CAPE ELIZABETH — The Ordinance Committee has passed a village green zoning amendment and forwarded it to the Town Council for approval, despite concerns about the terminology.
The amendment, which was recommended by the Planning Board in September, would alter setback requirements so a village green could be built on Ocean House Road (Route 77).
The committee, which includes Councilors Jessica Sullivan, Caitlin Jordan and Sara Lennon, decided Dec. 17 to send the ordinance to the Town Council just as the Planning Board wrote it.
The amendment was created so developers could have the option of creating a village green. The recommendation is in line with a 1993 Town Center Plan, which promoted a village green built by the town.
The amendment would create side and rear setback requirements of 15 feet, with a 25-foot setback in front. There would not be a maximum front setback of 35 feet, which is a requirement of “all other uses” in the Town Center District.
If the amendment is passed by the Town Council and a developer wants to build a space with a village green, the developer would have to go to the Planning Board for approval. If approved, the plan will be sent to councilors and, as stated in the amendment, the developer will offer the green to the town. If the town wants to own and maintain the space, councilors would accept the land, but if not, the developer is still required to include a public easement through it.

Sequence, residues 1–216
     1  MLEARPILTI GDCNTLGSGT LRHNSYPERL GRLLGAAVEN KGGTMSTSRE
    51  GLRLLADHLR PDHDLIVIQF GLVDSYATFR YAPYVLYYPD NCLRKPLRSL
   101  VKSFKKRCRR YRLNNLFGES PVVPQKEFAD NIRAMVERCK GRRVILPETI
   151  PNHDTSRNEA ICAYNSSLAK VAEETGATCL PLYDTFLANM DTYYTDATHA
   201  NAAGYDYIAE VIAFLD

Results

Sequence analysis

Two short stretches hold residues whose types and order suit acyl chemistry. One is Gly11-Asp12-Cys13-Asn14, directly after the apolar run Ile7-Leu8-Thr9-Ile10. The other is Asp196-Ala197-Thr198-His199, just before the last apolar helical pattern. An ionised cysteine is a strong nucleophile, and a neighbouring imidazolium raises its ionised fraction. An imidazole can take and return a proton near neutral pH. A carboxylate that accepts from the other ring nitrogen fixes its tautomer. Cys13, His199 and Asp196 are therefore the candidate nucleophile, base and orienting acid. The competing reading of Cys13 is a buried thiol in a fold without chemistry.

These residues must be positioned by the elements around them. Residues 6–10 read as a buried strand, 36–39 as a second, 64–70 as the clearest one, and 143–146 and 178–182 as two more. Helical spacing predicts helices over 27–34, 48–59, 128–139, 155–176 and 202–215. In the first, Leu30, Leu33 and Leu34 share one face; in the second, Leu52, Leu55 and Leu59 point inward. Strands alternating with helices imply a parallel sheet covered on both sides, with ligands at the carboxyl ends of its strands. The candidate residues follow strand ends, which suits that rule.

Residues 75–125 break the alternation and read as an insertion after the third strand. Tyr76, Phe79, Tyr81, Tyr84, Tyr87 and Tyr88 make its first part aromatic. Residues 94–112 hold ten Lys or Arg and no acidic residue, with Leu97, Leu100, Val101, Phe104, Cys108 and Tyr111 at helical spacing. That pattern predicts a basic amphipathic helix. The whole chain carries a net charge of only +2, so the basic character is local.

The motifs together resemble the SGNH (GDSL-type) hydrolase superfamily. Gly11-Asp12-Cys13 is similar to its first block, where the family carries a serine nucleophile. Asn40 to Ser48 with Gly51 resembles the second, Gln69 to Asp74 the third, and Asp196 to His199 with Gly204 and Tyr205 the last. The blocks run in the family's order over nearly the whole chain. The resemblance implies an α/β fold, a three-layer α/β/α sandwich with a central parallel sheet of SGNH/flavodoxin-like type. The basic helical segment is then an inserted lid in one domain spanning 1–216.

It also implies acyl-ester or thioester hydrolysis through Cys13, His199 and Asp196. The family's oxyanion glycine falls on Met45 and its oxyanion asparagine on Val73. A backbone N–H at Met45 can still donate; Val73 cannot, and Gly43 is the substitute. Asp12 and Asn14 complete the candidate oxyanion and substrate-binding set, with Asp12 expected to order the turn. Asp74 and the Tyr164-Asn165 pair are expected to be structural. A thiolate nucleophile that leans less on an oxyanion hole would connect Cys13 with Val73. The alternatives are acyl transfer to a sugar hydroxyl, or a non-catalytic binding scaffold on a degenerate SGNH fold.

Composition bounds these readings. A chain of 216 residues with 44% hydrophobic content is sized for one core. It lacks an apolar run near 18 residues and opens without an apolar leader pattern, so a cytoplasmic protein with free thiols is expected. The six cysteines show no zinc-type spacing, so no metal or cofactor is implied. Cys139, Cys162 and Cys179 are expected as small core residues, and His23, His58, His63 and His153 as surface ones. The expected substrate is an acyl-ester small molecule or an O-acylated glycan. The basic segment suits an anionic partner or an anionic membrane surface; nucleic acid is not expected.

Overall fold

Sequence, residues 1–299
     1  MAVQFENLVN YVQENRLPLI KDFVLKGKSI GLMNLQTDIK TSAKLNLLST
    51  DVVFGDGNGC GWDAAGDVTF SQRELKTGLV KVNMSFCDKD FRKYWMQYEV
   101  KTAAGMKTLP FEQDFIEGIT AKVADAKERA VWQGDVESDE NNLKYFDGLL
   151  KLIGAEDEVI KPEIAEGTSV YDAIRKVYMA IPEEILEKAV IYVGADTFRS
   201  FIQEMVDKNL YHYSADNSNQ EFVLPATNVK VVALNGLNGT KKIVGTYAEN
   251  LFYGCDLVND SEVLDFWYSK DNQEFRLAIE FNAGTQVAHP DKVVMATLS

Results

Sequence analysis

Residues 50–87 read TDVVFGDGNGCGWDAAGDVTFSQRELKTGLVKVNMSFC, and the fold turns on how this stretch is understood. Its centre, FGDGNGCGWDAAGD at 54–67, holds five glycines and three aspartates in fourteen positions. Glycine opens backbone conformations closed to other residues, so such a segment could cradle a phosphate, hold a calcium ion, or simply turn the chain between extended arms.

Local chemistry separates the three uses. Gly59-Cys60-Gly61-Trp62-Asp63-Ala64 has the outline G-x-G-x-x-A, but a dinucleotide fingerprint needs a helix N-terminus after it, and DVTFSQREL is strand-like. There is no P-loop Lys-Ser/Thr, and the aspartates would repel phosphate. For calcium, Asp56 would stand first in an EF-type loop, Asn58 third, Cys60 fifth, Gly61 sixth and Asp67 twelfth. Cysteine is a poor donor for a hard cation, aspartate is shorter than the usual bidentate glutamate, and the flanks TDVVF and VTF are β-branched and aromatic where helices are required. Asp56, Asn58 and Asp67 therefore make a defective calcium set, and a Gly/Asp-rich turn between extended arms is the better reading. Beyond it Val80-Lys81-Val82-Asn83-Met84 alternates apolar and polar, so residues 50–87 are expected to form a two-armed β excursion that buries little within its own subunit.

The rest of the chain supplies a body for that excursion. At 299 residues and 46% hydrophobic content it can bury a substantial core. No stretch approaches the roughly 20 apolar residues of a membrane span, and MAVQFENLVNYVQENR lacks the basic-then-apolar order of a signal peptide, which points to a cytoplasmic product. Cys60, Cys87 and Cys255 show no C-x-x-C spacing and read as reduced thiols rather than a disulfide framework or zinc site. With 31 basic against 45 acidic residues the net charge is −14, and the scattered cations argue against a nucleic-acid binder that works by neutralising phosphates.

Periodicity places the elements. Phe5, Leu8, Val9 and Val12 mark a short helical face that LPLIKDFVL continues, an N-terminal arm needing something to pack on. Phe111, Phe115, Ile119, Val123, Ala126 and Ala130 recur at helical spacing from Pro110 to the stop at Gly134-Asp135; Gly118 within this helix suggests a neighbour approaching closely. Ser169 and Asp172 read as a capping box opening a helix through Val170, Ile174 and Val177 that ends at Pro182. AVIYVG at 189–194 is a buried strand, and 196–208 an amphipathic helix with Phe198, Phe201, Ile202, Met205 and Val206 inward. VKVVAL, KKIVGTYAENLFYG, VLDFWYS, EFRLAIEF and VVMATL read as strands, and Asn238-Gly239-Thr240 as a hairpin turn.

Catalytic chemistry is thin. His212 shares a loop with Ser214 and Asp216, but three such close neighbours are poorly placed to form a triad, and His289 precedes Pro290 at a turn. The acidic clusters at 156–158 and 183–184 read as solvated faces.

Planning Board Chairman Peter Curry told the Ordinance Committee that the amendment is not encouraging development. He said it just presents developers with the option of building a more attractive property.
“We’d be better off if we had (a village green) than if we didn’t, but we’re not lobbying for it,” Curry said.
Two members of the public spoke at the meeting, both of them saying they didn’t want a village green to be built along Route 77. They both said they’d rather see the space in front of Thomas Memorial Library used as a green.
The Ordinance Committee said there can be multiple village greens in town, and one can still be created near the library. Members said using the term “village green” can be misleading, as some people may think a town can only have one.
“When you say village green, it sounds like you’re precluding other spaces,” Lennon said. “I like the concept, I just don’t like calling it a village green.”
“It’s the term. People hear it and think it’s the one and only,” she said.
Sullivan said while the term is “a bit restrictive and misleading,” it shouldn’t be changed because it’s already in all of the documents. She said changing it could be complicated or confusing.
The Ordinance Committee said instead of changing the name, they will work harder to inform residents that there can be more than one green space. Aside from the name, they said they also plan to educate residents about the amendment and its true meaning and intention.
“It’s an opportunity going forward to get more green space,” Sullivan said. “It doesn’t promote development, it doesn’t squash development.”
The amendment is expected to go before the Town Council in January. The council will vote after a public hearing is held.
A sketch of a possible design option for a Cape Elizabeth village green.